Author’s [naïve] question: After decades of actively destroying Armenian cultural and religious sites in Turkey and allowing vandals and treasure hunters to finish the job by digging, drilling and defacing, is it not time for Turkish authorities to break with past practices and initiate a program aimed at stabilizing structures and preventing further vandalism?

We bury the skull, while the breeze over Lake Van whispers a prayer. (Photo by Khatchig Mouradian)
We bury the skull, while the breeze over Lake Van whispers a prayer. (Photo by Khatchig Mouradian)
Dr. Khatchig Mouradian

Dr. Khatchig Mouradian

Khatchig Mouradian is the Armenian and Georgian Area Specialist at the Library of Congress and a lecturer in Middle Eastern, South Asian, and African Studies at Columbia University. He also serves as Co-Principal Investigator of the project on Armenian Genocide Denial at the Global Institute for Advanced Studies, New York University. Mouradian is the author of The Resistance Network: The Armenian Genocide and Humanitarianism in Ottoman Syria, 1915-1918, published in 2021. The book has received the Syrian Studies Association “Honourable Mention 2021.” In 2020, Mouradian was awarded a Humanities War & Peace Initiative Grant from Columbia University. He is the co-editor of a forthcoming book on late-Ottoman history, and the editor of the peer-reviewed journal The Armenian Review.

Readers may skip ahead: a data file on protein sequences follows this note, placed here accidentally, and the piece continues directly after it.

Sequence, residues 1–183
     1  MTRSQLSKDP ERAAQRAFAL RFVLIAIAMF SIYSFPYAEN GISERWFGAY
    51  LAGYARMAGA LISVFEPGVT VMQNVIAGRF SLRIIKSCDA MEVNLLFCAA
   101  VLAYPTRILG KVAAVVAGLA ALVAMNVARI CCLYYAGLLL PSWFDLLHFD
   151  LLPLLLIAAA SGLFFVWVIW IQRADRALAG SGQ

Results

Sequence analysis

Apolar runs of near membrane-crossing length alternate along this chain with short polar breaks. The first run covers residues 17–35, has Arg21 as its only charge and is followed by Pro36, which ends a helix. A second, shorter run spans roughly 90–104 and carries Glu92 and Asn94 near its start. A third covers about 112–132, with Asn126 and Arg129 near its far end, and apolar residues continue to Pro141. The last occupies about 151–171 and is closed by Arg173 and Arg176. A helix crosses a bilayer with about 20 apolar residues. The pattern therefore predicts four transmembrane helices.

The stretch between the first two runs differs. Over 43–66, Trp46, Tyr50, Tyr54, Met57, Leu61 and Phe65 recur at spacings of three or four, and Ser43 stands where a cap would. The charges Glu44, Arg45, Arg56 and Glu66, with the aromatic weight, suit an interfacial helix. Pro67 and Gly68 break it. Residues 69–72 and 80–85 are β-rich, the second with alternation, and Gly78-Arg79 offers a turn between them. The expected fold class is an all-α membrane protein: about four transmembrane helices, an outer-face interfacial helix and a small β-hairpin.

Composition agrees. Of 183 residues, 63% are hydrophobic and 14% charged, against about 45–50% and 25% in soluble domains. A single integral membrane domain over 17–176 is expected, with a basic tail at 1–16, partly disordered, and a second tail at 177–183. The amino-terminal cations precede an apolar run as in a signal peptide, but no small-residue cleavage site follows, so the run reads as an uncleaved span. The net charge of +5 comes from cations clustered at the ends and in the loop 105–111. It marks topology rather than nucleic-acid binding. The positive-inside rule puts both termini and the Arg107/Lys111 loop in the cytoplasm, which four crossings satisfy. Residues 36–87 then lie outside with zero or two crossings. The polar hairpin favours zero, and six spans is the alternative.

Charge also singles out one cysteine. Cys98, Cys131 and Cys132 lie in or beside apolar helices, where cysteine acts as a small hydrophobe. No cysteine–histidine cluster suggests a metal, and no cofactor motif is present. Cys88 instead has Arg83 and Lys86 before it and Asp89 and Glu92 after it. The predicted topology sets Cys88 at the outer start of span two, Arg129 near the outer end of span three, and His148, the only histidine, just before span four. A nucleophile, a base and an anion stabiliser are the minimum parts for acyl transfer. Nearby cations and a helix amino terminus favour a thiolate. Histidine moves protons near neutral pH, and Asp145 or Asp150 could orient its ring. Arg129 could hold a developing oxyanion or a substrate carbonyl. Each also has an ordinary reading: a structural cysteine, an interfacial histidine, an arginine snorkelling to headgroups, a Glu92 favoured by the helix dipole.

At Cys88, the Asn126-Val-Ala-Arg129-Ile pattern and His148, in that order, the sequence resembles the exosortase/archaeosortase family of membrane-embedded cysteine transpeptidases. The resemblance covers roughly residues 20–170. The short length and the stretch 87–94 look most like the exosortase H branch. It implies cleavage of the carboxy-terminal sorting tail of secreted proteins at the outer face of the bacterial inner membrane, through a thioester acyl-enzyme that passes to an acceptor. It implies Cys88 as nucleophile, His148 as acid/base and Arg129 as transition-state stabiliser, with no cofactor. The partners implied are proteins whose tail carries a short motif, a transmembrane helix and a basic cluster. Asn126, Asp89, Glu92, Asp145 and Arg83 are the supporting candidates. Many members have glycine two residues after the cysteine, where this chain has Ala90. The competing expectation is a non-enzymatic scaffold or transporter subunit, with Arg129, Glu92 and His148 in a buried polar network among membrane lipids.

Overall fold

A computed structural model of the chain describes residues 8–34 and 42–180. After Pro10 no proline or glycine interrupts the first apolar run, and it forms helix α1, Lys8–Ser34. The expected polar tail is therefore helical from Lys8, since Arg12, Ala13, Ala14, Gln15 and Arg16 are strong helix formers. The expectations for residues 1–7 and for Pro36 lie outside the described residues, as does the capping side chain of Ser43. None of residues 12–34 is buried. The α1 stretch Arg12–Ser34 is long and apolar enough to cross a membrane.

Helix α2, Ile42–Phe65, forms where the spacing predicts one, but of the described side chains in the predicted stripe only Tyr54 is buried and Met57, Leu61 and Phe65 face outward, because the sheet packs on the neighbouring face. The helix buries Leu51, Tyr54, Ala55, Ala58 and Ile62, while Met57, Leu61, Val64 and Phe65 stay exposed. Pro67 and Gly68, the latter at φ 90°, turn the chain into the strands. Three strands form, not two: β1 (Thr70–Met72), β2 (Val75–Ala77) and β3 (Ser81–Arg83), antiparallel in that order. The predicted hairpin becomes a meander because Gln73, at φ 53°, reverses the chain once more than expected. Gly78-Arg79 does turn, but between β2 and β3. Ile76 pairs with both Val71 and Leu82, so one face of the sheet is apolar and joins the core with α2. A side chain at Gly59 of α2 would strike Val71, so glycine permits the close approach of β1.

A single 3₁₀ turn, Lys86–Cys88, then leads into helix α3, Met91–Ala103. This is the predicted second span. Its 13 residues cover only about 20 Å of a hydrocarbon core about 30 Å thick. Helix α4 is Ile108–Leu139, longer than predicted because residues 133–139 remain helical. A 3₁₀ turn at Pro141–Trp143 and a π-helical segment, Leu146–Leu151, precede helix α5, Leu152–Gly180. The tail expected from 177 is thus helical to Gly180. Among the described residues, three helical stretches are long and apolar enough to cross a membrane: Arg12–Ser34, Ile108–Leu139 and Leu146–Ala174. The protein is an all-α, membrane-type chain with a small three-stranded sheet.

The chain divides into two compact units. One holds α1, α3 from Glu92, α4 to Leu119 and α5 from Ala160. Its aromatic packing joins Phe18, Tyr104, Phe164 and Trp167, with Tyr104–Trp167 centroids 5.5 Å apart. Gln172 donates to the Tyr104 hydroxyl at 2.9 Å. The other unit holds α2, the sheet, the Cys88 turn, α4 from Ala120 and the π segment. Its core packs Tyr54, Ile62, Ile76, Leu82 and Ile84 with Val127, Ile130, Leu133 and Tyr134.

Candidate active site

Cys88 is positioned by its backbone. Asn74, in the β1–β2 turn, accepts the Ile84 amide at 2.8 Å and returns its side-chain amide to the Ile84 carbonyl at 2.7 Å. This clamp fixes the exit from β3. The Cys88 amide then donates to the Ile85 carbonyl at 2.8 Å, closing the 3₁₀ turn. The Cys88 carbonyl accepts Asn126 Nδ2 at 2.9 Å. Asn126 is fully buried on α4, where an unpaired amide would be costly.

Dr. Khatchig Mouradian

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  1. This is one of the most heart-breaking photos ever published in AW. This just one of our almost 2 million that lie unmarked on mountain roads and desert paths and the bottoms of rivers.
    thank you Khatchig and George Aghjayan.

  2. Brave Mouradian
    Brave by all means…
    You should create new specialty
    giving it a new name
    Archaeology of “The First Genocide”
    or another name you can choose…!


  3. Thank you, Khatchig. Your few spare words, skillfully chosen, convey so much emotion. I sense both sadness and exhilaration in your unexpected encounter with our ancestor and your tender care of his remains. And like always, you take us back and forward at the same time…step by ash-covered step.

  4. A friend of mine who is Turkish is supporting the protests ongoing in Istanbul now. While I think it is too bad there is only Kemal as the alternative image, I do hope for the possibility that there are Turks who wish the total truth about their country to be open, especially all the different ethnic strains that can be recognized, and cultures supported openly. I know that is just a dream but if I have one friend who embraces that truth perhaps there are many other Turks who want that too. Someday I hope your question at the end of the article will be answered with an affirmative yes for all of us, and you can be just the first among us to travel freely to see wonders of our culture